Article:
Review: Black Midi Demolishes Thalia Hall

Black Midi is a force of nature. This much was indisputably proven on their 2022 hurricane of a record Hellfire. The genre-blending experimentalists pushed their avant-rock to new heights, edges, and breaking points, resulting in one of the most exhilaratingly frenetic albums in recent memory. Their mosh-friendly hyper-speed jazz-rock is reminiscent of early BADBADNOTGOOD, while their punchy, angular cadence and occasional post-punk melancholia evoke influences from Primus to Elliot Smith, with more than a handful of stops in between. Black Midi has also made a name for themselves as being one of the best live rock bands currently touring, not only translating the cacophonous chaos and hair-raising intensity of their records to the stage, but turning it up a few notches as well. I am delighted to report that this was once again the case at Thalia Hall.

In terms of openers for Black Midi, its hard to imagine a more opposite energy than the gleefully warm and approachably uplifting Quelle Chris. Quelle Chris is a bold experimentalist in his own right, providing much of the groundwork in the 2010s for the recent re-embrace of lo-fi underground hip-hop. Significant artists in this lane such as Earl Sweatshirt, Navy Blue, Pink Siifu, and Billy Woods have not only collaborated with Quelle, but publicly given him his well-deserved flowers as well. The set was a jovial occasion, bouncing back and forth through different eras of Quelle’s career. Cuts from his most recent record Deathfame were spliced between tracks from fan favorites "Being You Is Great", "I Wish I Could Be You More Often" and "Innocent Country", closing out with the sinister (yet tongue-in-cheek) “Obamacare” from 2019’s Guns. Even his 2013 debut Shotgun & Sleek Rifle was well represented in the set in the form of the Denmark Vessey-produced “Symbolic (Basquiat)” and the stoner anthem “Another Blunt.” Quelle Chris’ deep, inviting growl (which was quite different from his much smoother vocal performances on record) got the crowds’ heads nodding and his casual, often hilarious one-sided conversation with the crowd made for a welcoming warm-up for the chaos to come.

Black Midi entered to a thunderous applause, only to surprise the mosh-hungry crowd with “Defence,” one of the slowest and most melodic cuts from Hellfire. While this opening definitely sold the grandiosity and theatricality that Black Midi is known to indulge in, it was the next two tracks that truly exemplified what makes them so special. The crowd’s insatiable thirst for movement was not neglected for long, as the band dove into the jaunty and metal-tinged “Welcome to Hell” and the viscerally exhilarating “Sugar/Tzu,” which sounds like what might happen if you asked a group of virtuosic jazz musicians (who had recently consumed large amounts of stimulants) to write a punk rock song. In between affectionately shoving for my life in the middle of the crowd I couldn’t help but be taken by the raw speed with which these very technical riffs were being played. Special mention must be made of drummer Morgan Simpson, whose immaculate timing and physical endurance throughout the set was a marvel to behold. After the three song Hellfire opening, Black Midi reached deep into their bag to bring out “Speedway,” and “Western,” two cuts from their debut Schlagenheim, much to the delight of the feverish crowd.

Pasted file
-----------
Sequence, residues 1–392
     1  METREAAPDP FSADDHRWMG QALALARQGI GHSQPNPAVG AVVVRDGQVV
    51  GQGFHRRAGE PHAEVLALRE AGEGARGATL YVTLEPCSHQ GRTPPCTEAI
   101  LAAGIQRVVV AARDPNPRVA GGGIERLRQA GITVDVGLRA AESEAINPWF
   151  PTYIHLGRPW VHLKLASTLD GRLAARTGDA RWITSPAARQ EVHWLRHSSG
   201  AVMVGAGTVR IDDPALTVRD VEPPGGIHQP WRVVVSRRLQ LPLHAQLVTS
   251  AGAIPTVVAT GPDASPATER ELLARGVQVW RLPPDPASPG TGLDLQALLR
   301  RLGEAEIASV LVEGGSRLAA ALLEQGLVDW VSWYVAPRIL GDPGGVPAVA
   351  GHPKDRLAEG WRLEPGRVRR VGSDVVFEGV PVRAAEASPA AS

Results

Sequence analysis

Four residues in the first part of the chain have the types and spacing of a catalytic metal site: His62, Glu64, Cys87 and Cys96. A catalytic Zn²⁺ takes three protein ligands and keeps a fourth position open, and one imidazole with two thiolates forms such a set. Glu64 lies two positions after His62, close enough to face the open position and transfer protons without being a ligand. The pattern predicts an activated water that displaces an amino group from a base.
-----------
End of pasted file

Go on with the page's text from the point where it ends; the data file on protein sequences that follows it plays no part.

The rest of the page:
Bassist Camron Pikton and guitarist/vocalist Geordie Greep switched instruments for a portion of the set, with Greep handling bass while Pikton provided vocals and acoustic guitar. Pikton’s songs (as delineated by the fact that he sings them) provide a different dimension to Black Midi’s music, but one that is no less macabre and theatrical. Tracks like “Eat Men Eat” prove just how heavy acoustic guitar can be, while tracks like “Still” bring a country-tinged tenderness and vulnerability that, especially in contrast to the usual aggressiveness of their sound, is quite touching.

A clear highlight of the set was “Dethroned,” from their 2021 record Cavalcade, which features one of, if not the, tightest bridge riffs in their catalogue, a furious yet tasteful palm-muted run. This was followed not long after by another pair of legendary Cavalcade cuts “Chondromalacia Patella,” (one of their jazziest numbers) and the head-spinning “John L,” before closing the set out with Schlagenheim favorites “Near DT, MI,” and “953.”

Black Midi gives a live performance that is hectic, emotional, and joyous. They are masters of tension, pushing and pulling the crowd back and forth with their odd time signatures and gratifying climaxes. Rarely is a band this experimental, this boundary pushing, and yet this jump-up-and-down-friendly. It was a pleasure to be a member of an audience experiencing such public catharsis, with one of the best rock bands currently touring pulling the strings.

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Aviv Hart